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Some have the perception that tools such as Design for Manufacturability, lean and Six Sigma are mutually exclusive. Others think that they are all synonymous buzzwords. The truth, in fact, is that each one is unique, and together they can make for a very powerful combination. This article will give you a practical example of the application of these tools in combination.
Let’s take an equipment manufacturer, XYZ. This company is developing a new, revolutionary product that it will house in a new factory. The product is completing the research and development stage of XYZ’s New Product Introduction process. The design team is at the point at which they must develop design concepts.
It is at this stage that they apply Design for Manufacturability to their process. They begin with a design concept that represents a design that they would normally develop. (This can usually be created rather quickly and based upon a previous design.) Then, a team takes over. Using a system for evaluating this design, the team creates a baseline process for assembling this product with the initial design.
The baseline gives them the number of steps and an estimate of the time to assemble. The team then brainstorms ideas to apply to the design that would reduce the design complexity (number of manufacturing steps). The ideas are then evaluated and categorized; the team develops design concepts.
The team then develops an action plan in which individuals from the team are to investigate and implement the design concepts. Product “should-costs” are developed based on the designs. They will likely show 30 to 40 percent reductions in overall product cost. XYZ is now confident that they have a low-cost manufacturing option that will give them the best chance for error-free manufacturing.
At this stage, XYZ decides to apply lean thinking to their factory. Using the manufacturing process from the DFM workshop as a baseline, they use kaizen blitz events to develop cells and an overall factory flow. They begin with a takt time based on the marketing forecast and a five-days-per-week, three-shifts-per-day operation. Cells and workstations are designed. The team develops plans for 5-S and maintenance, pull system, layout, inventory management, setup and lot size, etc. XYZ now has plans for a lean factory, which become inputs to the factory design.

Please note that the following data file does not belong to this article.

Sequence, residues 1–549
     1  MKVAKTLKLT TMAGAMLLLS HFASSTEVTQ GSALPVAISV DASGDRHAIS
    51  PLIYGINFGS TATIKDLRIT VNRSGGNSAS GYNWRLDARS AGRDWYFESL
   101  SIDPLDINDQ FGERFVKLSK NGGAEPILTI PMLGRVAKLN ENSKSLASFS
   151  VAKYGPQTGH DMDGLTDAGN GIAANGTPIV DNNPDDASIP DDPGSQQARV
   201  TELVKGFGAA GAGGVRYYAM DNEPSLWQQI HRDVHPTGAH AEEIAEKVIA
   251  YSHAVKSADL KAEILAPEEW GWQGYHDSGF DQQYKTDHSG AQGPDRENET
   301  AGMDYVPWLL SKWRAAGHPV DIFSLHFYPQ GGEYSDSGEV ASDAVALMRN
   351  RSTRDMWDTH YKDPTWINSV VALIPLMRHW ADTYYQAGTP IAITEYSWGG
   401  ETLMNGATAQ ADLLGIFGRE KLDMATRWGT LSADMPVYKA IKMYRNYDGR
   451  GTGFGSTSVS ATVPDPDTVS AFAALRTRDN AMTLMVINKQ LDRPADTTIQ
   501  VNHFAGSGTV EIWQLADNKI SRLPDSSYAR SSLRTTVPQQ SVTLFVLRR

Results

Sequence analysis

XYZ is ready to apply the Six Sigma DMAIC (Define, Measure, Analyze, Improve, Control) methodology. Using the manufacturing processes designed, Six Sigma black belts lead teams to define performance metrics based on critical-to-quality characteristics. The CTQs were defined by the design team in conjunction with XYZ’s customers.
They develop methods for measurement at this point. Using FMEA (failure modes and effects analysis), they develop a control plan. When manufacturing actually begins, they apply their control plan. It is now that they can begin analysis of actual production data and adjust their control plans and measurement methods accordingly.
The above is simply one way to apply Six Sigma, lean and design for manufacturability. It is certainly not the only way to do this; in reality, there would often be more iterations of each methodology with more overlap. My hope is that this article enhances your understanding of the tools and methodologies and allows you to develop your own plans for implementing each of them as appropriate for your organization.
About the author:
Darren Dolcemascolo is an internationally recognized lecturer, author and consultant. As senior partner and co-founder of EMS Consulting Group, he specializes in productivity and quality improvement through lean manufacturing. Dolcemascolo has written the book Improving the Extended Value Stream: Lean for the Entire Supply Chain, published by Productivity Press in 2006. To learn more and to sign up for the free Learning to Lean e-newsletter, visit www.emsstrategies.com.